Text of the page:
As we move into these hot days of summer, the chorus of singing birds begins to change and become less robust. There are still the robins and song sparrows caroling in the morning and the chatter of goldfinches throughout the day. Of course, the red-eyed vireos—“preacher birds,” as we’ve featured in a previous column—will continue singing even when the sun is baking us and every other bird is silent.
Northern mockingbirds are another bird that sings when many other birds have gone silent. Here in Maine, mockingbirds are still somewhat uncommon, although in some parts of southern Maine it is easy to find them in suburban neighborhoods.
We came upon a particularly verbose mockingbird back in June in the cemetery (a place where you can often find them) next to the Augusta airport. This particular individual’s singing ability greatly impressed us. Mockingbirds are well named because they incorporate often seemingly perfect imitations of the sounds of birds and other things into their songs. Some northern mockingbirds have hundreds of different song types. These songs are combinations of their various imitations as well as some sounds specific only to mockingbirds. It is thought that males can demonstrate to females that they are competent and experienced by having lots of imitations in their songs. In theory, this would make them more attractive mates.
The mockingbird we listened to in Augusta cycled quickly through his (females also sing, but given the timing, we guess that this was a male) imitations, repeating some and adding them together in various interesting ways. In the first minute of listening we recognized at least 11 different imitations including a spot-on tree swallow, northern flicker, whip-poor-will, blue jay, killdeer, northern cardinal, barn swallow, American robin, tufted titmouse, eastern phoebe, and gray catbird. At one point he made a vocalization that sounded to us like a police car siren. Before that talented mockingbird was finished, he had added black-capped chickadee, belted kingfisher, broad-winged hawk, and wood thrush into his performance.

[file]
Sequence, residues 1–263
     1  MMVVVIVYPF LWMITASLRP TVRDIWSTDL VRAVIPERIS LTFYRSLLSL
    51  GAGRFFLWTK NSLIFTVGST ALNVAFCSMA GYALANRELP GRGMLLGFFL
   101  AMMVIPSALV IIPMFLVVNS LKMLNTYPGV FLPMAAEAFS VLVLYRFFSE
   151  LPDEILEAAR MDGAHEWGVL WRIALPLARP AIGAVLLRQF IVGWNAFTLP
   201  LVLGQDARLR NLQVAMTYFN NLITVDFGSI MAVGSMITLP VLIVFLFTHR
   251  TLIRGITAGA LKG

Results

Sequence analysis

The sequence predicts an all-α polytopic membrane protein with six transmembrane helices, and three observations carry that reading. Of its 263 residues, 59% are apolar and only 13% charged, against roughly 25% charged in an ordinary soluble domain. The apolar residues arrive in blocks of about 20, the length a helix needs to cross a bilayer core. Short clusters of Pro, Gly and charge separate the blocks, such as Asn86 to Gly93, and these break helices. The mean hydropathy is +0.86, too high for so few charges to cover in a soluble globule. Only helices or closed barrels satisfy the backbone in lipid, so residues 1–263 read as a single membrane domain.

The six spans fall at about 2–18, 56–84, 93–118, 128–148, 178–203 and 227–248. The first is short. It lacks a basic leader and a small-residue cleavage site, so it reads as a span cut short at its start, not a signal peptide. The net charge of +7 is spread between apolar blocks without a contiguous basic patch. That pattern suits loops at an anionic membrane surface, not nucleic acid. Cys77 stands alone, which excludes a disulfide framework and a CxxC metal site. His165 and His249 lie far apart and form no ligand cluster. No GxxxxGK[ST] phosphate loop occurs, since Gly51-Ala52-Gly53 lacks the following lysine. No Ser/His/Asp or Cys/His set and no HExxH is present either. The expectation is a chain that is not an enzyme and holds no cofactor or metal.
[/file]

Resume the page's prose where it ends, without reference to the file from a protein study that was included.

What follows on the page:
It was impressive.
Online readers can hear a couple of minutes of his amazing singing on a recording that we made at the time. We were especially intrigued that he had imitated a whip-poor-will, a species that has become quite rare in most of the state. Could there be whip-poor-wills in the area near the Augusta airport that have gone undetected by us human birders?
The closest relative to the mockingbird in our area is the brown thrasher, a species that also mimics but sings every imitation exactly twice before moving to the next, rather than repeating them many times as does the mockingbird. Oddly enough, while we were listening to and watching the talented mockingbird in the Augusta cemetery, a brown thrasher began singing nearby and eventually flew up beside the mockingbird and displaced it for a time. On our recording you can actually hear the distinctive double-noted song of the brown thrasher take over from the mockingbird at one point. Do mockingbirds and thrashers compete in some way? We don’t know and couldn’t find any research to suggest that they do.
If you find yourself in the vicinity of a singing mockingbird, listen closely, marvel at its amazing abilities, and ponder the mysteries of bird song and behavior.
Jeffrey V. Wells, Ph.D., is a Fellow of the Cornell Lab of Ornithology. Dr. Wells is one of the nation's leading bird experts and conservation biologists, and is author of the “Birder’s Conservation Handbook.” His grandfather, the late John Chase, was a columnist for the Boothbay Register for many years. Allison Childs Wells, formerly of the Cornell Lab of Ornithology, is a senior director at the Natural Resources Council of Maine, a nonprofit membership organization working statewide to protect the nature of Maine. Both are widely published natural history writers and are the authors of the popular books, “Maine’s Favorite Birds” (Tilbury House) and “Birds of Aruba, Bonaire, and Curaçao: A Site and Field Guide,” (Cornell University Press).